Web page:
Tourism Decline in Turkey – What Happens Next?

Share on Facebook Share on Twitter Share on LinkedIn Share in Email Print article
Written by Anne Harris

The tourism industry in Turkey has been facing tough times. From a Russian ban to the recent military coup attempt, 2016 has been a particularly difficult year. Additionally, the bombings in Ankara and terrorist attacks in Istanbul have done little to draw foreigners into the country. Despite increasing pressures to recover the industry and make up lost revenues, the future of Turkey’s tourism sector is optimistic.

In 2014, tourism throughout Turkey was at an all-time high. That year saw $33 billion in tourist revenue enter the country, accompanied by nearly 40 million sightseers. Americans accounted for an impressive 800,000 of these tourists, making them one of the most prominent visitors by country. However, following Turkey’s shoot-down of a Russian jet, a now lifted ban was placed prohibiting Russian tourists from visiting the country. This was a huge blow to the industry, as Russian tourists were the largest demographic entering the country. The ban, coupled with the bombings in Ankara and terrorist attacks in Istanbul, did little to draw foreigners into the country.

Later, 2015 saw a dramatic reduction of tourists entering Turkey, with numbers plummeting to 36 million. More recently, Turkey’s military coup has done little to alleviate the situation; some travelers are now unsure about the country’s safety and security. As numbers continue to drop, many are left wondering how and when the crisis will be solved. As tourism has routinely accounted for ten percent of the country’s GDP, a solution to the decline must come soon.

At the 2016 Conference on U.S.-Turkey Relations, the tourism crisis was a prominent topic of discussion. In a panel moderated by Armin Zerunyan, Vice President of the Hotel Association of Turkey, experts and attendees were given the opportunity to discuss a myriad of potential solutions. Consensus saw Turkey’s road to recovery as a long and arduous process; it will take a while to ease concerns of security and safety after the coup. However, despite these challenges, the future of tourism remains optimistic.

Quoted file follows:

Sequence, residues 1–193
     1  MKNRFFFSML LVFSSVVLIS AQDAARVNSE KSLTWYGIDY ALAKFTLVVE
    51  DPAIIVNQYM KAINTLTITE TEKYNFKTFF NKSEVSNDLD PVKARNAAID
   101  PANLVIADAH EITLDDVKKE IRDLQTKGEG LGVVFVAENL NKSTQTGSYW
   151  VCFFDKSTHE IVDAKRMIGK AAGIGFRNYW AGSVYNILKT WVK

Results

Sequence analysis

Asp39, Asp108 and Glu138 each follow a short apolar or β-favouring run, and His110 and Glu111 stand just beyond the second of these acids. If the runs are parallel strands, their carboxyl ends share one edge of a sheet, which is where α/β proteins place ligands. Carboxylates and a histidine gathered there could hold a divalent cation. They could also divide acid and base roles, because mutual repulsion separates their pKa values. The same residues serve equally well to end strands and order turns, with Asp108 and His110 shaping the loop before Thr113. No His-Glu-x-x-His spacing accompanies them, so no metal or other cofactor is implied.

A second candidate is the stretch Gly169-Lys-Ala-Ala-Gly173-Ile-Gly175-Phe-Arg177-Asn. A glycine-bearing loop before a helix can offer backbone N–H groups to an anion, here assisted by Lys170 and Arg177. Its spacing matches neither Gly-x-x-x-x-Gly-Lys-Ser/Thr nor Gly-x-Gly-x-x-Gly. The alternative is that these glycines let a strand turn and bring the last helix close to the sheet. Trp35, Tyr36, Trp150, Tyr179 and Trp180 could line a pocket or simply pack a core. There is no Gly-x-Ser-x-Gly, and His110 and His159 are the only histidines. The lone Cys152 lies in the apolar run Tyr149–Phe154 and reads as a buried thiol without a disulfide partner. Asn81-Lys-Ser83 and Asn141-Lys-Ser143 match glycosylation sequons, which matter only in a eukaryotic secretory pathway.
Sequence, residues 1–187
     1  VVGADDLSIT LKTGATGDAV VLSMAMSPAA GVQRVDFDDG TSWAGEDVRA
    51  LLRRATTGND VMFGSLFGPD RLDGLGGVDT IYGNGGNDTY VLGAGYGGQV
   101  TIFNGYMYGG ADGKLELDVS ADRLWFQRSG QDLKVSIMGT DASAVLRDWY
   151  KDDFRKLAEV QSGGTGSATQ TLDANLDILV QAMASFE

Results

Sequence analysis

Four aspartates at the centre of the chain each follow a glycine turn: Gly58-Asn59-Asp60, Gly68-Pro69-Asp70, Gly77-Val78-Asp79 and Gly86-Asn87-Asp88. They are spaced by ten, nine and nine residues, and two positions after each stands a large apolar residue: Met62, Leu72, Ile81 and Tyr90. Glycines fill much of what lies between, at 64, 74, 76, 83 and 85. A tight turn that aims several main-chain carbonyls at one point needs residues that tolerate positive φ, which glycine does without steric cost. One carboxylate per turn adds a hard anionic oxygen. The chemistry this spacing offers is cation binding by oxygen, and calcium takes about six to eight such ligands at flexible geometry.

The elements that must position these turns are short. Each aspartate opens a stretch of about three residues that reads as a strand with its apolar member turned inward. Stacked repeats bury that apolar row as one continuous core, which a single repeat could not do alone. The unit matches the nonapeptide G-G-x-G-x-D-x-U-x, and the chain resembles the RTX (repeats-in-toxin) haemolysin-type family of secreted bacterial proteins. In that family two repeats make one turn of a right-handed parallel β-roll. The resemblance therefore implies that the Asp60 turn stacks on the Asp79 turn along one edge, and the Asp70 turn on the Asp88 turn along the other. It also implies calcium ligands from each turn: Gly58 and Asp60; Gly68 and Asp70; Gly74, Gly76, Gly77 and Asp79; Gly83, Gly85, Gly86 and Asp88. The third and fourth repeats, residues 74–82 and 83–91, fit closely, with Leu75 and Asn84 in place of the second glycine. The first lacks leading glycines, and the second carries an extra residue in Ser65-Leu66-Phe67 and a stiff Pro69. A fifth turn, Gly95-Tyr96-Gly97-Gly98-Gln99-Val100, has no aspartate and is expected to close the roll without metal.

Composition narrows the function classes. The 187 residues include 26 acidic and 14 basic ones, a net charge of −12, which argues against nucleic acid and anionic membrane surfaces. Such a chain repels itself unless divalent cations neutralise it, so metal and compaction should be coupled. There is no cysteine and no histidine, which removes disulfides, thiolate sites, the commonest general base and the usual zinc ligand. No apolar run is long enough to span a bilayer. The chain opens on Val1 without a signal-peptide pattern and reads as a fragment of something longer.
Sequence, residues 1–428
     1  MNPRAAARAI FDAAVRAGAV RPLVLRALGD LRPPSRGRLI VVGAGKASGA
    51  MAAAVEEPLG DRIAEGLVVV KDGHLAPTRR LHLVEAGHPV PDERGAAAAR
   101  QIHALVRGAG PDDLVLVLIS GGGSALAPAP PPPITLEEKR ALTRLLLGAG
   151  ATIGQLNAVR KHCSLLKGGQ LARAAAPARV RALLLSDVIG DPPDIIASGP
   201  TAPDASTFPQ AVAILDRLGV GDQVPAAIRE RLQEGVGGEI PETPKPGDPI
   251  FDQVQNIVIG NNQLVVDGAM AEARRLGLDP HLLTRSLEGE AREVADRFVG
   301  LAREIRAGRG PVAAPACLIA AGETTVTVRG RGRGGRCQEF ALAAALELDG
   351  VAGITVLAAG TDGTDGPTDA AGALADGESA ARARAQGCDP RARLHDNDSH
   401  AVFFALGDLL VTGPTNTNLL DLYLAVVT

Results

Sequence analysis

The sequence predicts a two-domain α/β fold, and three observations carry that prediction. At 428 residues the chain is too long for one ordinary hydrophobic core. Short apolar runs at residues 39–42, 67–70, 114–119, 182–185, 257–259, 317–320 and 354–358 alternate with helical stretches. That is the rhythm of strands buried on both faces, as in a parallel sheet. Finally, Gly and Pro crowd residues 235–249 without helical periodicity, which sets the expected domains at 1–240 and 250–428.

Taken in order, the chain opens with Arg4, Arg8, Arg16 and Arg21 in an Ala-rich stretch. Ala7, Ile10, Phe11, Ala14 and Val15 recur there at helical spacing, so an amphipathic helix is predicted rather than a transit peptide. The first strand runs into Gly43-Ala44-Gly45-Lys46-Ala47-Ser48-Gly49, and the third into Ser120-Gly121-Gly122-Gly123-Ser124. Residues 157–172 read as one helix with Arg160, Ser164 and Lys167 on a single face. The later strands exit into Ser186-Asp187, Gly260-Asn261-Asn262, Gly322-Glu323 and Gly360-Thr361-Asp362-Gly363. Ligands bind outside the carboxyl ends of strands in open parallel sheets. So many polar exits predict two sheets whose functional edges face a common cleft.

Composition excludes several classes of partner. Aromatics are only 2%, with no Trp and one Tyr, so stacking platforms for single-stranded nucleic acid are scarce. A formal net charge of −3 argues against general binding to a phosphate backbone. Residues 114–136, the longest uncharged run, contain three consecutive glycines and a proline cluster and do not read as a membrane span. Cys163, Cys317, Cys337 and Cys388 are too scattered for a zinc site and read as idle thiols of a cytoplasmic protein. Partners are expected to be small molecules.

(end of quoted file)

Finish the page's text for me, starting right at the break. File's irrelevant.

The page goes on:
Turkey offers an impressive number of sightseeing opportunities, cultural and culinary diversity, and an impressive array of accommodations. These tourist magnets were displayed magnificently at the U.S.-Turkey Conference in a short film, created by Turkish travel agency TURSAB. Attendees were given a taste of what a visit to Turkey would be like, as the film virtually took viewers from one destination to the next. From the diverse and colorful streets of Istanbul to the wondrous landscapes of the Turkish countryside, the tourism industry has played a huge role in the development of the country.

Medical tourism was a prominent topic of discussion at the U.S.-Turkey conference. Many American and European citizens find themselves looking to other countries for surgical procedures, as most are notoriously and outrageously expensive in U.S. hospitals. Despite the country’s decline in tourism overall, the number of medical tourists entering Turkey has steadily increased. Over 700,000 medical tourists visited the country in 2015 to take advantage of Turkish plastic surgery, optometry, and dentistry, among others. Expanding upon this resilient industry could help provide a short-term solution to the tourism deficit.

Recovery from this industry decline will be a process that spans many years. It will undoubtedly take time to shed negative perceptions of safety and stability within Turkey, and draw foreigners in again. These concerns discussed at the U.S.-Turkey Convention were not without weight; however, strategies in place are projected to restore the tourism sector to its former glory, and expand growth beyond previous recorded highs.